In his thoughtful Op-Ed from The New York Times, psychotherapist Avi Klein reflects on the men who come to him for therapy. He says many are grappling with “layers of […]
Depression is not a straightforward problem; it typically doesn’t yield to straightforward solutions. Here Dave consults on a case of an elderly depressed woman. His seemingly crazy intervention brings surprising results. Enjoy.
We all know about Family Group Psychosis. We just never had a name for it. Check out Dave Keith’s description of that heightened state of (often disguised) insanity that occurs around important holidays–like Christmas–and significant events, like weddings. Here he tells us about a madcap clinical case where Family Group Psychosis led to a woman’s surprising transformation.
In this post, Dave Keith reflects on how he came to understand psychosis as a symbolic expression, embedded in a person’s relationships and experiences. This offers an alternative, dynamic and life-affirming perspective on what is often considered the “destiny” of mental illness.
Anxiety is a common human emotion, one that we all experience at one point or other. Though most of us feel anxiety as a painful feeling that we want to “go away”, our anxiety in fact may be a helping us learn something important about ourselves.
Good physicians take a clinical history in the interest of arriving at a diagnosis. While the clinical history is a review of ‘facts’, there are in fact, few ‘facts’ about human experience. Different examiners will get different histories depending upon what they ask about. Different family members give different reports of the same set of events. In my view clinical histories are a form of fiction pretending to be ‘objective’.
The idea of being “ruthless” sounds jarring at first, until we realize how it’s an essential ingredient in healthy living, both personally and professionally. It speaks to how we maintain our integrity in the face of demands for conformity.
Here’s an inside look at what makes marriage both incredibly challenging, and, potentially, the most enriching experience of a lifetime.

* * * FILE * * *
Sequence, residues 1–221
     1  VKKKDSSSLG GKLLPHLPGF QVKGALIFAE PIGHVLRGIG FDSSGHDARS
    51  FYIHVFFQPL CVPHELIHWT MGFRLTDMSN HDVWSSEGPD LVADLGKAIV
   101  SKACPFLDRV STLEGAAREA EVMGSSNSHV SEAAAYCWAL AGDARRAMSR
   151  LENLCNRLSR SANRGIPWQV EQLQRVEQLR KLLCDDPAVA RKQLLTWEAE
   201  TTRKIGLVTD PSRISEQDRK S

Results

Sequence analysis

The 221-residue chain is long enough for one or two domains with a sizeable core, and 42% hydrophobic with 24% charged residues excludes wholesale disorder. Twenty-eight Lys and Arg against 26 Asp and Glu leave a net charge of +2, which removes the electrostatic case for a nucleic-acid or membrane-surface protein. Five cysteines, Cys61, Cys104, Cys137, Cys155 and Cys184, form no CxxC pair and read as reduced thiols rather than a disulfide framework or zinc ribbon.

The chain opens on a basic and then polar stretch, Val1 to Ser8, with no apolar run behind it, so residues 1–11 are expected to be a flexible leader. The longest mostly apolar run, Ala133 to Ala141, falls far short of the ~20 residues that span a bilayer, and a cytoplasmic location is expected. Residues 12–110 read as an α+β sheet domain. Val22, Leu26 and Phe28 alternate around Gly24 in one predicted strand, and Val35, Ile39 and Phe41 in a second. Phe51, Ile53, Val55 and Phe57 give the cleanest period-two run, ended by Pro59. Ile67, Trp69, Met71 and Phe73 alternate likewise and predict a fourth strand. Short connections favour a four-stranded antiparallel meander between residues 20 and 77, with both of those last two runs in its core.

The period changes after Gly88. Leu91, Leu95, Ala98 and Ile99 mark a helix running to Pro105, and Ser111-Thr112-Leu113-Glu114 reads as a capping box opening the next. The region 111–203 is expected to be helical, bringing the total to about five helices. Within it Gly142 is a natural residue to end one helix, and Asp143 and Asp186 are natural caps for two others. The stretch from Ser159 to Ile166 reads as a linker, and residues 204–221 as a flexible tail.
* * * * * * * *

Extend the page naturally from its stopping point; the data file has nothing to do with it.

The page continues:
Fighting is part of both healthy and unhealthy relationships. But unhealthy fighting looks different Here are two types of couples with unhealthy fighting patterns: The Disconnect and The Immovable Object.
Kids instinctively “worry”, that is, feel responsible for their families. Don’t forget that. Children worry about their families. They are trying to help the parents become not only better parents but better people. But their therapeutic methods get diagnosed as mental illness.
Here’s a funny and thoughtful post from The School of Life. The film clips are fantastic. The author, Alain de Botton takes a gentle look at that common phenomenon of […]
Understanding and changing family relationship patterns can make a huge difference for kids diagnosed with ADHD.
Part of the appeal of the “chemical imbalance” metaphor is that it people don’t have to feel ‘guilty” about their depression, or problems with their kids. But it can keep both patients and therapists from getting to the all-important bottom of things.
The logic of “chemical imbalance” persuades both patients and practitioners that context and subjective experience are not important. But that logic interferes with the understanding the person’s pain, and what it’s made of.
How Mental Distress Can Masquerade as Disease: Here’s a live case story which shows how grief can manifest as abdominal pain.
Here’s the Grand Finale of a difficult, satisfying family therapy case. I think we all, patients and therapist, learned a lot.